/ Published August 18, 2016
The history of the Fifteenth Air Force (AF) has always been overshadowed by that of the Eighth AF, and while a flood of books on the “Mighty Eighth’s” experience is available, this is not the case for the Fifteenth. Since the nineties, a significant number of studies have examined this numbered air force’s subordinate units at the group—and sometimes even the squadron—level. However, on a larger scale, very little has been published about the Fifteenth from a broader, strategic perspective.
To fill this gap, Barrett Tillman has written Forgotten Fifteenth: The Daring Airmen Who Crippled Hitler’s War Machine. This well-known and respected author is a master storyteller who offers an authoritative and thoroughly researched survey of the role of the Fifteenth in World War II.
The book follows the unit’s history from its formation in November 1943 until the end of the war in Europe in May 1945, presenting the main goals, challenges, and difficulties that it faced. Forgotten Fifteenth is written in an entertaining narrative style, not as a repetitive day-by-day chronology. It is an easily readable book with many first-person accounts.
One strength of the study is that the author highlights the value of both the engineers who built the airfields and the ground crewmen who maintained their aircraft at a high level, despite the frequently rudimentary conditions at many of the air bases. He also gives credit to lesser known formations such as photo and weather reconnaissance units.
Tillman avoids perpetuating unnecessary myths and points out some significant, albeit lesser known, facts related to the Fifteenth. It is worth mentioning, in general, that weather caused many unexpected problems in “sunny Italy” and seriously hampered the unit’s activity. Many people know the importance of the oil-related targets. However, Fifteenth AF’s most difficult and costly target was not the extremely heavily defended complex at Ploesti, Romania, but the industrial area around Vienna. A number of individuals appear in the book as well, from important commanders to aircrew members notable for their extraordinary achievements or exploits.
The author also mentions the opposing side. In this case, not only the Third Reich and its Luftwaffe but also some smaller Axis nations battled the American flyers. Of these opponents, Tillman fails to mention the Croatian fighters, who also engaged the Fifteenth several times (with limited results but significant losses).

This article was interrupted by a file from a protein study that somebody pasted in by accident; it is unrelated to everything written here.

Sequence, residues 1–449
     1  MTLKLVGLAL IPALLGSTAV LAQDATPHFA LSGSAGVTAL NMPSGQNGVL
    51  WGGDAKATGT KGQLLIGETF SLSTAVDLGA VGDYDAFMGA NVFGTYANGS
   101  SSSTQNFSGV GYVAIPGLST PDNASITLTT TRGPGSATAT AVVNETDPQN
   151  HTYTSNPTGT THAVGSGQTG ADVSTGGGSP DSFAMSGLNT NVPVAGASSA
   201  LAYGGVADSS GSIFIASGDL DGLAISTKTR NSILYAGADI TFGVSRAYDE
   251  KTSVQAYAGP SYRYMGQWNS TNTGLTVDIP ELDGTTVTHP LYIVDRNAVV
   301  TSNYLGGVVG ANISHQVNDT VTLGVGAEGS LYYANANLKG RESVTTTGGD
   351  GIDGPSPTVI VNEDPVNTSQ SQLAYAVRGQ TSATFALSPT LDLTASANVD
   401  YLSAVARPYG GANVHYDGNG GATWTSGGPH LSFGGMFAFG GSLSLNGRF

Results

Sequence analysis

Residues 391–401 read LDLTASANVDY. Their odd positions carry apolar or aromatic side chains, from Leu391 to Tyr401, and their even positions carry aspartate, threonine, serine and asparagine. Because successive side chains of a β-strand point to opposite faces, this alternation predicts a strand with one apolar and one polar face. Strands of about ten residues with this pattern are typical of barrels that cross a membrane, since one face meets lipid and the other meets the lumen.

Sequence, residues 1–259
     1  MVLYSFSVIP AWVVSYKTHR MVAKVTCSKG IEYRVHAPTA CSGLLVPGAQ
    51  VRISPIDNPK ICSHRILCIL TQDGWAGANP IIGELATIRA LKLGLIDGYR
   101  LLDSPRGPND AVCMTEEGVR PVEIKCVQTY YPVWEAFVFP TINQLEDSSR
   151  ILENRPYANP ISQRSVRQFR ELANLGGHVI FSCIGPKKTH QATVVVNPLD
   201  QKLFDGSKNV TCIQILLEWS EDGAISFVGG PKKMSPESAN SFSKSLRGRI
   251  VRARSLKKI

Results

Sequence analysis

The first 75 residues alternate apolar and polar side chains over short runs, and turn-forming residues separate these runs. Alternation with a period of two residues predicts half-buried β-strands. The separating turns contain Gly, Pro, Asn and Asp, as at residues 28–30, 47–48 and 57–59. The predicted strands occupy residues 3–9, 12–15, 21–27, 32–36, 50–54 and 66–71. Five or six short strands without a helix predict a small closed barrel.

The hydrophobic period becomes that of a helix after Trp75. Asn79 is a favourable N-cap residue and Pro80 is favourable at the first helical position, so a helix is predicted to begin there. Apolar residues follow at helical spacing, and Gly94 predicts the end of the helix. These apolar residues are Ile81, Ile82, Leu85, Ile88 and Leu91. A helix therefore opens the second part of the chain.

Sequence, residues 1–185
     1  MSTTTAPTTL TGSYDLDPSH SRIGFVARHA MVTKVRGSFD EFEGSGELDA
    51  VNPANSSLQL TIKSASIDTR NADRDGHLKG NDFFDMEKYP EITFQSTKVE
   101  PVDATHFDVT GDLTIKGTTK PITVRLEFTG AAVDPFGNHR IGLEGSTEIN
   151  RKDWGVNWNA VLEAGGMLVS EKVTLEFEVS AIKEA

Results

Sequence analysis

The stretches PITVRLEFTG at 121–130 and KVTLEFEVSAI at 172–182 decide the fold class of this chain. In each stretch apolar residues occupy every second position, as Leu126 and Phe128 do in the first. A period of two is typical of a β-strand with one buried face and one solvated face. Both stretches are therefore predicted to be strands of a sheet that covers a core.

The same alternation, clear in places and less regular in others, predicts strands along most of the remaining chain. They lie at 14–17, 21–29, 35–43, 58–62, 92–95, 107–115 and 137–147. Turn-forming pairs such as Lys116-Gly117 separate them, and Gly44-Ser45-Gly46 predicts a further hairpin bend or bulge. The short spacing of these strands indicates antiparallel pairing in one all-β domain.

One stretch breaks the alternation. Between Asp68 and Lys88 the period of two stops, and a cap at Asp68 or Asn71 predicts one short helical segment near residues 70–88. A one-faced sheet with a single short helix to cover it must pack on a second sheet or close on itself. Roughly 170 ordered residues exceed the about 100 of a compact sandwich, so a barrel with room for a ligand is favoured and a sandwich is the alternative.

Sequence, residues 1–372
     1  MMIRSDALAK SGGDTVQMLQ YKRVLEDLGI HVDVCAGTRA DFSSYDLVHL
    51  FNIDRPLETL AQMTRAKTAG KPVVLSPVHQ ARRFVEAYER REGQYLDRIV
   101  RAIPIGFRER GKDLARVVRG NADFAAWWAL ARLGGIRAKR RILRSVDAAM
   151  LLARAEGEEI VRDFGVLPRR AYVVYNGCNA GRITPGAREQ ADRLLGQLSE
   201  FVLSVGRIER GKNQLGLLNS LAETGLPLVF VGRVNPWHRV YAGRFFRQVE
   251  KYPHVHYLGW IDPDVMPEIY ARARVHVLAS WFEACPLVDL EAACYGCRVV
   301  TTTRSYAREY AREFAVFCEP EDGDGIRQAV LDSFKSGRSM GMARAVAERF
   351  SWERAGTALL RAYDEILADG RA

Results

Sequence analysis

It would have been useful had the Forgotten Fifteenth drawn on more native-language sources from the smaller Axis nations since, in most cases, only limited information about them is available in English. By utilizing these references, the book could have avoided errors such as the following:
• American flyers were never reported as “Italians” by their Hungarian opponents (p. 189). (Since the source was not mentioned, I have no idea where the author found this erroneous information.)
• Hungarian fighters were not withdrawn after 22 August 1944 because of their accumulated losses (p. 143) but because of the next day’s events when Romania joined the Allies. Consequently, the strategic situation dramatically changed in that sector.
• In one case, both the cited source and the author confuse the Hungarian and Romanian capitals, referring to Bucharest instead of Budapest as Hungary’s capital (p. 62). In another case, one finds a reference to “Herausschutz” (p. 45), presumably meaning “Herausschuss.” (The latter term was used for a fighter claim if the attacker successfully separated a heavy bomber from the other aircraft, literally shooting it out of its formation.) In German, “Schuss” means “shot”; “Schutz” means “protection.”
Overall, Forgotten Fifteenth: The Daring Airmen Who Crippled Hitler’s War Machine is a valuable addition to our understanding of the air war over Europe in World War II, effectively covering the history and importance of Fifteenth Air Force. I highly recommend it.
Dr. Csaba B. Stenge
"The views expressed are those of the author(s) and do not reflect the official policy or position of the US government or the Department of Defense."